Jesse Singal on schools that help kids change their gender identity without notifying the parents

January 23, 2023 • 1:00 pm

In this morning’s Hili dialogue I mentioned a NYT article recounting the case of a biological girl, 15, whose school had been facilitating her gender change by letting her use the boys’ bathroom as well as a male name and pronoun. The kicker was that the parents weren’t informed, and found out this only about by accident. They had a fit, but the school told them that they were simply obeying state regulations, which I guess is true. (The child hadn’t yet had any medical intervention.)

This raises a sticky ethical question: should schools do this (or even go further), or should they report it to parents? My own view was that I thought state regulations should be obeyed (and questioned), but NO medical intervention should be promoted by schools without telling the parents. That is the very least that must be done.

But in his article on his substack site “Singal-Minded” (good name!), Jesse Singal shows his usual thoughtfulness about transsexual issues, and raises a point I hadn’t thought of. And that is that a substantial number of children with gender dysphoria have psychological problems that need to be addressed at the very time when schools are “helping” a child transition. The child may be on the autism spectrum, or have a form of gender dysphoria that might resolve into homosexuality rather than full sexual transition, or simply be in mental distress and seeking gender/sex change as a possible cure.  Because these issues are very common, they need to be addressed by professionals (i.e., therapists and doctors), for I think we all agree that therapy must precede any medical intervention that involves giving puberty blockers, hormones, or surgery to young people. (Once they’re over a certain age, say 18, I guess the teenager can make their own decision.) In general, then, Singal thinks that at some point the school has to tell the parents.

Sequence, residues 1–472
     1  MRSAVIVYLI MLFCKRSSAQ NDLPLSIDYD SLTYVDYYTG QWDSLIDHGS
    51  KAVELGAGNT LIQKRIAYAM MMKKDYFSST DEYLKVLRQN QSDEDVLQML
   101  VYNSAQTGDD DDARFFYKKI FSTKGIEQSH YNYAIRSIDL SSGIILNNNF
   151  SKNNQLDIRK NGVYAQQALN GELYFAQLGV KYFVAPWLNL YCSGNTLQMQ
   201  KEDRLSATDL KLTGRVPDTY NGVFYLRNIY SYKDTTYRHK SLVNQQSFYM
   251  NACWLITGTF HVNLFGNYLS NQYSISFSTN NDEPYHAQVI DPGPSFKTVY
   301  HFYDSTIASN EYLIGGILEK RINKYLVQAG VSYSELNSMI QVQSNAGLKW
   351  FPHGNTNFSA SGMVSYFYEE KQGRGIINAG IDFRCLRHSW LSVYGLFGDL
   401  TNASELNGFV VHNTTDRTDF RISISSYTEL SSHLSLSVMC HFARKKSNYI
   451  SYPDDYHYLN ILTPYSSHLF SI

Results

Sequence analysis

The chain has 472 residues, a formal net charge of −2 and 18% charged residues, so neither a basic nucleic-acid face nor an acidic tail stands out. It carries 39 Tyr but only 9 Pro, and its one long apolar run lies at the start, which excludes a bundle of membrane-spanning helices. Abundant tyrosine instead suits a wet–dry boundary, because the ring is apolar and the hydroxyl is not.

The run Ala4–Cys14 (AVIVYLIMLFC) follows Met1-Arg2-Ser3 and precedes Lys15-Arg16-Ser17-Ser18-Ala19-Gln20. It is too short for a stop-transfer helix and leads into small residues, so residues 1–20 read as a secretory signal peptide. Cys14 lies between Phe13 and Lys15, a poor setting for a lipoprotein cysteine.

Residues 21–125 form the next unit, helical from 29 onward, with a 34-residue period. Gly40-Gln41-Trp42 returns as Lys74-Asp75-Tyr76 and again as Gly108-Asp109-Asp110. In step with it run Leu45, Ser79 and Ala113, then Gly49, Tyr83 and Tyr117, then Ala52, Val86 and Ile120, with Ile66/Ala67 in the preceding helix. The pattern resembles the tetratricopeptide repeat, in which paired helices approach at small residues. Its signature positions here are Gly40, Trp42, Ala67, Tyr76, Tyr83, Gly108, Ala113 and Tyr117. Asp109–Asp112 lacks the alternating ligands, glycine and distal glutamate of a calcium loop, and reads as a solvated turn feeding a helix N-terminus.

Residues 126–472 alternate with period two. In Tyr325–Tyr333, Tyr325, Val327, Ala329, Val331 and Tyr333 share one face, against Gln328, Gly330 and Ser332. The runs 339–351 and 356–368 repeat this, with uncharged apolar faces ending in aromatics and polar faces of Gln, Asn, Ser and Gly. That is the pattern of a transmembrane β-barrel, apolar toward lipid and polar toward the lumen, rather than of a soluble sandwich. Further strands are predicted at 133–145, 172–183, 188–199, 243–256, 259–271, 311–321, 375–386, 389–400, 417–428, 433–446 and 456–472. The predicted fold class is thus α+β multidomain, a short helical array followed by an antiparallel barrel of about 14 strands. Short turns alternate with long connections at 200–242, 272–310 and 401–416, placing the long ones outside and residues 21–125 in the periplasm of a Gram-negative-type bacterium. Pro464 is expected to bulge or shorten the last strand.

Click below to read his piece:

Now in some situations schools should NOT “rat a kid out” to their parents. Here are a few: